Following the pattern set by the early German Romantics, Kierkegaard conveys many of his insights through literature rather than academic prose. What makes him a valuable member of this tradition is the theory he develops to support it, his so-called “theory of indirect communication.” The most exciting aspect of this theory concerns the alleged importance of indirect communication: Kierkegaard claims that there are some projects only it can accomplish. This paper provides a critical account of two arguments Kierkegaard offers in (...)
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  38. Kierkegaard on the Need for Indirect Communication.Antony Aumann - 2008 - Dissertation, Indiana University
    This dissertation concerns Kierkegaard’s theory of indirect communication. A central aspect of this theory is what I call the “indispensability thesis”: there are some projects only indirect communication can accomplish. The purpose of the dissertation is to disclose and assess the rationale behind the indispensability thesis. -/- A pair of questions guides the project. First, to what does ‘indirect communication’ refer? Two acceptable responses exist: (1) Kierkegaard’s version of Socrates’ midwifery method and (2) Kierkegaard’s use of artful literary devices. Second, (...)
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  39. The Ethics of Non-Realist Fiction: Morality’s Catch-22.James Harold - 2007 - Philosophia 35 (2):145-159.
    The topic of this essay is how non-realistic novels challenge our philosophical understanding of the moral significance of literature. I consider just one case: Joseph Heller’s Catch-22. I argue that standard philosophical views, based as they are on realistic models of literature, fail to capture the moral significance of this work. I show that Catch-22 succeeds morally because of the ways it resists using standard realistic techniques, and suggest that philosophical discussion of ethics and literature must be pluralistic if it (...)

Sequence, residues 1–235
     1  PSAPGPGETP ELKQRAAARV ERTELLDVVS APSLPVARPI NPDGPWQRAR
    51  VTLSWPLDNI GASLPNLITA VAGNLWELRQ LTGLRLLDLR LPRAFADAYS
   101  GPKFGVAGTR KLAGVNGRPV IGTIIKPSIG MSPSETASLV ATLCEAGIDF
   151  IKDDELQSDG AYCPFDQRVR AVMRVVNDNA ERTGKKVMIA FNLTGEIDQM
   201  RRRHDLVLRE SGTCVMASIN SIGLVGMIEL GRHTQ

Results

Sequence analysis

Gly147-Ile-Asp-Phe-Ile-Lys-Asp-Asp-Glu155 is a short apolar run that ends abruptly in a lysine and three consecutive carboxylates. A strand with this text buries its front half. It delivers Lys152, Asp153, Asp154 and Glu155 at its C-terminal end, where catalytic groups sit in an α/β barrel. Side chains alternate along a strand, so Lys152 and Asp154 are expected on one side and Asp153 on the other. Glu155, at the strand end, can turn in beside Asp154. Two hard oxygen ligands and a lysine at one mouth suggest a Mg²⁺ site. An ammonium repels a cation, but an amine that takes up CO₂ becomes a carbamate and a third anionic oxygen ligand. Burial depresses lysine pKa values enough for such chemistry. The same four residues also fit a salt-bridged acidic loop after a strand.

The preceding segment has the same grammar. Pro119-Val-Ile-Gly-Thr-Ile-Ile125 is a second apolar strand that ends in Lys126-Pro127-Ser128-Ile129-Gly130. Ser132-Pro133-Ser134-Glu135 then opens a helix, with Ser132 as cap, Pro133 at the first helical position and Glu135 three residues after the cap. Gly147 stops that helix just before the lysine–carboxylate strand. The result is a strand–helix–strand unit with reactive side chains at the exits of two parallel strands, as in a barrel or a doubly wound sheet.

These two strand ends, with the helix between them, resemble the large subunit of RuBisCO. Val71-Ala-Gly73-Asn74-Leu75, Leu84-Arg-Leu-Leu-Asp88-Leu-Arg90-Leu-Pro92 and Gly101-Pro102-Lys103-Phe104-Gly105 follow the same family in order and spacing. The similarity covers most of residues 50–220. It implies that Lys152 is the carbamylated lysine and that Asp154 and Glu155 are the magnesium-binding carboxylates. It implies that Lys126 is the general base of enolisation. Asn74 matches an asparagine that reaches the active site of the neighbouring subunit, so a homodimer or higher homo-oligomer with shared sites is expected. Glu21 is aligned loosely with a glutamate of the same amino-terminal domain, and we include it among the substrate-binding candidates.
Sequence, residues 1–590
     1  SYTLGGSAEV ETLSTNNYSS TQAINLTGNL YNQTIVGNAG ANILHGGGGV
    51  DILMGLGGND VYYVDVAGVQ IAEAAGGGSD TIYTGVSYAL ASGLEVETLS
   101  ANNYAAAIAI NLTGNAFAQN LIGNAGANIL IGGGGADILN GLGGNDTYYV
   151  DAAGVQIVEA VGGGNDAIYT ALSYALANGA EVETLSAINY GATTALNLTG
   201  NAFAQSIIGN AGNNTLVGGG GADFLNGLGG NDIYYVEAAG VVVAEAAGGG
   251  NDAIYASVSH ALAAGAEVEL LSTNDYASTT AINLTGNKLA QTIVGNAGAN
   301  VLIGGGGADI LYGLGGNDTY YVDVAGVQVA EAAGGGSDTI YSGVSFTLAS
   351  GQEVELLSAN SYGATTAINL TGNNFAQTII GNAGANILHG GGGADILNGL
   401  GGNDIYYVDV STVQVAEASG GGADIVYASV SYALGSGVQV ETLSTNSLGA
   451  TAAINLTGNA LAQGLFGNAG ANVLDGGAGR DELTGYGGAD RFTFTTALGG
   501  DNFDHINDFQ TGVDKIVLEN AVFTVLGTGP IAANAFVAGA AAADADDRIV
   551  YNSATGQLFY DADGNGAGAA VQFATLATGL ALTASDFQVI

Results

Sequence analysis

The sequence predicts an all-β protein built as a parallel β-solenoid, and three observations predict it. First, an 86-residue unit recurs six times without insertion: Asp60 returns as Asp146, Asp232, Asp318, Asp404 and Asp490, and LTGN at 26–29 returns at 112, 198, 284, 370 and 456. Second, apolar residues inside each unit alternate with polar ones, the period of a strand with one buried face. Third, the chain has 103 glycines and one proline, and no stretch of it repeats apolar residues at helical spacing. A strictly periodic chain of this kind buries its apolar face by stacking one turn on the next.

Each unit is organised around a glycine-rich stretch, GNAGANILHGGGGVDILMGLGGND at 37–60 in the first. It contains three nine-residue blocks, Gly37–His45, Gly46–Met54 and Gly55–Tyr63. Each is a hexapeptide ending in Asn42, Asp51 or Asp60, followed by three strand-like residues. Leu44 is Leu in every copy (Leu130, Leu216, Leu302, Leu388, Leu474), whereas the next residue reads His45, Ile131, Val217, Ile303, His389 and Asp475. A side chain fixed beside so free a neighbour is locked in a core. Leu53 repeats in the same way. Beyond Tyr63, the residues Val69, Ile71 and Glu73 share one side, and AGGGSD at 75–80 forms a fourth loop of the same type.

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  40. Literary Theory: A Practical Introduction: Readings of William Shakespeare, King Lear, Henry James, "the Aspern Papers," Elizabeth Bishop, the Complete Poems 1927-1979, Toni Morrison, the Bluest Eye.Michael Ryan - 1998 - Blackwell.
    Michael Ryan's Literary Theory: A Practical Introduction, Second Edition introduces students to the full range of contemporary approaches to the study of literature and culture, from Formalism, Structuralism, and Historicism to Ethnic Studies, Gender Studies, and Global English. Introduces readings from a variety of theoretical perspectives, on classic literary texts. Demonstrates how the varying perspectives on texts can lead to different interpretations of the same work. Contains an accessible account of different theoretical approaches An ideal resource for use in introductory (...)
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Fiction
  1. Reply to Abell’s and Currie’s Comments on Gilmore’s Apt Imaginings: Feelings for Fictions and Other Creatures of the Mind.Jonathan Gilmore - 2022 - British Journal of Aesthetics 62 (2):205-214.
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  2. Commentary on Fiction: A Philosophical Analysis, by Catharine Abell; and Imagining and Knowing: The Shape of Fiction, by Gregory Currie.Jonathan Gilmore - 2022 - British Journal of Aesthetics 62 (2):173-183.
    Each of these books offers a richly developed and nuanced account of the nature of fiction. And each poses major challenges to a view about which there is a near-consensus. Catharine Abell draws on a theory of the institutions of fiction to advance a systematic re-envisioning of the metaphysics and epistemology of the contents of stories. Gregory Currie argues that fiction’s relationship to the imagination, and the way stories communicate their contents to readers, seriously undermine fiction’s cognitive values.
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  3. «Persecución» (cuento).Jesús Miguel Delgado Del Aguila - 2022 - Argos. Revista Electrónica Semestral de Estudios y Creación Literaria 9 (24):1-5.
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  4. Entrevista a la doctora María José Rincón González sobre la preservación y la difusión literaria y lingüística de República Dominicana.Jesús Miguel Delgado Del Aguila - 2022 - Semas. Revista de Lingüística Teórica y Aplicada 3 (5):187-195.